Editor’s note: This article was originally published April 28, 2014
On Saturday, my main focus at the Austin Food and Wine Festival was the wine, but that wasn’t the only boozy beverage at Butler Park.
There were also cocktails, cider and beer, all three of which were the focus of separate panels on Sunday: “In True Texas Spirit,” “Hard Cider Buzz” and “Inside Craft Brewing: Malts, Grains and Hoppy-ness” (the last two were part of the Austin Food and Wine Alliance’s excellent programming). Between the three of them, a clear theme emerged: local artisan products should continue to be celebrated.
Tipsy Texan David Alan led the cocktail talk at noon and served up two summer drinks with seasonal ingredients — a sangria with cubes of watermelon and canteloupe and a mojito with watermelon slices. These helped to support one of his arguments that cocktails, like food, are seasonal, so don’t order vodka cranberries in the middle of July. Beyond that, he explored how we define what a Texas cocktail is, something he covered in his 2013 book “Tipsy Texan: Spirits and Cocktails from the Lone Star State” and in events like this year’s Austin Food and Wine Alliance’s Official Drink of Austin. It’s going to have “heat, bold flavors, smoke”; it’s going to be influenced by the Mexican, Southern and Southwestern roots we have. It’ll have ingredients like melons and Rio Star grapefruit.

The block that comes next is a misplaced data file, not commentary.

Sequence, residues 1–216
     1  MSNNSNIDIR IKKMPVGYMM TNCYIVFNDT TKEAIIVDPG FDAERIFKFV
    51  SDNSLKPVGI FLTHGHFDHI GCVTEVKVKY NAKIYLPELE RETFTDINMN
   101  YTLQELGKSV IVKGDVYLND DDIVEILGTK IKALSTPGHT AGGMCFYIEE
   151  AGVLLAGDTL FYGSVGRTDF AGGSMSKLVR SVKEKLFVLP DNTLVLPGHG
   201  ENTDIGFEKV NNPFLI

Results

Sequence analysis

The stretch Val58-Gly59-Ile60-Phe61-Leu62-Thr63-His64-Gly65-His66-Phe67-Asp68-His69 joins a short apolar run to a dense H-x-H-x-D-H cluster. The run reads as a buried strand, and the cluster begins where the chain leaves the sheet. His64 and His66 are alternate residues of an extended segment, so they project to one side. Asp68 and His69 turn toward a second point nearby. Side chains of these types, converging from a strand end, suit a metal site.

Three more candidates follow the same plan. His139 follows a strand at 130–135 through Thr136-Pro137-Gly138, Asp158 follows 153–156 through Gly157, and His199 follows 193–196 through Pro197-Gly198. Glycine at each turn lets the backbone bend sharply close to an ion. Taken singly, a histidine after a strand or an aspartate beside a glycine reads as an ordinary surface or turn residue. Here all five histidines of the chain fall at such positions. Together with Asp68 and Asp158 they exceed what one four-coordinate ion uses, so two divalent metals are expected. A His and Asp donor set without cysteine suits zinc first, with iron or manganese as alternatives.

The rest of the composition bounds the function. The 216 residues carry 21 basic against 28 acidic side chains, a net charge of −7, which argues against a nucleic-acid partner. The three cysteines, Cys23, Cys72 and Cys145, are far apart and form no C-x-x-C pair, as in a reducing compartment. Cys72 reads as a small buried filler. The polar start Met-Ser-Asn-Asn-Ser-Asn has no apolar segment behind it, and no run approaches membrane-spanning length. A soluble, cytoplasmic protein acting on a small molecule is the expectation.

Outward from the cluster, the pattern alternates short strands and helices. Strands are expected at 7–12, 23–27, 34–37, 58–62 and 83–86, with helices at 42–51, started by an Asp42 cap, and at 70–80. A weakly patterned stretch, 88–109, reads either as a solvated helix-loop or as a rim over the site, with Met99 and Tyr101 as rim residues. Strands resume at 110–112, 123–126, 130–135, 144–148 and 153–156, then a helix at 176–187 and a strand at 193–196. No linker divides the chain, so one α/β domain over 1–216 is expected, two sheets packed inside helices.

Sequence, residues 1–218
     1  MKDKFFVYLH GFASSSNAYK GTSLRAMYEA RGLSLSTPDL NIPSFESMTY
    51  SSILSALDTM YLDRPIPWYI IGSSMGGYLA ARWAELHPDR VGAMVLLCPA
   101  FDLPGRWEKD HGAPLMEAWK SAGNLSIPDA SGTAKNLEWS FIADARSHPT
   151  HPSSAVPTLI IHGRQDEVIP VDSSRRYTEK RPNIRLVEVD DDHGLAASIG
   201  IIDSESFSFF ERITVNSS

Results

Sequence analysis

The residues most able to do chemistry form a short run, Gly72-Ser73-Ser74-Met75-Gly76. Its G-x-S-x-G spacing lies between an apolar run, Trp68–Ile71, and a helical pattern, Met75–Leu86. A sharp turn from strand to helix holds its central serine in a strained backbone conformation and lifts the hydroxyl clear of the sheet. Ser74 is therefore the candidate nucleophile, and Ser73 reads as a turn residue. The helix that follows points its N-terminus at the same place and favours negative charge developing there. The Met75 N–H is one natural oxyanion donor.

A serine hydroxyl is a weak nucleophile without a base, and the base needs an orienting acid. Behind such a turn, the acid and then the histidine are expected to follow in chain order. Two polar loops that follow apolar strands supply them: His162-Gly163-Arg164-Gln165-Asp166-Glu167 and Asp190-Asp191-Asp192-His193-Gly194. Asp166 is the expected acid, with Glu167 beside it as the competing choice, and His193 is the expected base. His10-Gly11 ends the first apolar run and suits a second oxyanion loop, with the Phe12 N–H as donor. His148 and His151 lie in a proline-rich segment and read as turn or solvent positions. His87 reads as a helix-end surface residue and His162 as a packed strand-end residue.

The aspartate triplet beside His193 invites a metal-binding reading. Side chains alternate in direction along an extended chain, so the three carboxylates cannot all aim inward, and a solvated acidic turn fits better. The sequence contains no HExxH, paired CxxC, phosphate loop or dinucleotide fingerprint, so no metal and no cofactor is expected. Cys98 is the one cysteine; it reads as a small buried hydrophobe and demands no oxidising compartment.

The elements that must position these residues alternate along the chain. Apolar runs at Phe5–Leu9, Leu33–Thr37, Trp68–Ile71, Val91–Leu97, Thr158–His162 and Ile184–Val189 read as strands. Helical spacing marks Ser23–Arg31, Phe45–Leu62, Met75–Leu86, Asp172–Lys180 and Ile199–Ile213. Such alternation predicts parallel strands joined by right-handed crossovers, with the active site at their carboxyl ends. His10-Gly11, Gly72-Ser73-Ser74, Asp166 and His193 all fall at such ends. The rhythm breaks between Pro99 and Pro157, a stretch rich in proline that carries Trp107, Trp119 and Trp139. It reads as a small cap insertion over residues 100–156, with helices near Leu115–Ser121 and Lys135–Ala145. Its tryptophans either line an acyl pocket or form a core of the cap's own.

And a Texas cocktail, unsurprisingly, will often feature spirits made right in the state, a characteristic that wasn’t even really possible until a few years ago, when distilleries began following in the considerable footsteps of Tito Beveridge, the founder of Tito’s Vodka (which last year sold a million cases — a feat that no other Texas spirits company is on target to repeat). Today, Alan said, Texas has more than 50 licensed distilleries.
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“Spirits that do well here have a sense of place,” he said, citing Balcones Distilling, a whiskey maker, in Waco. Other state distilleries worthy of our support, he said, include the Hill Country’s Garrison Brothers and Ranger Creek in San Antonio.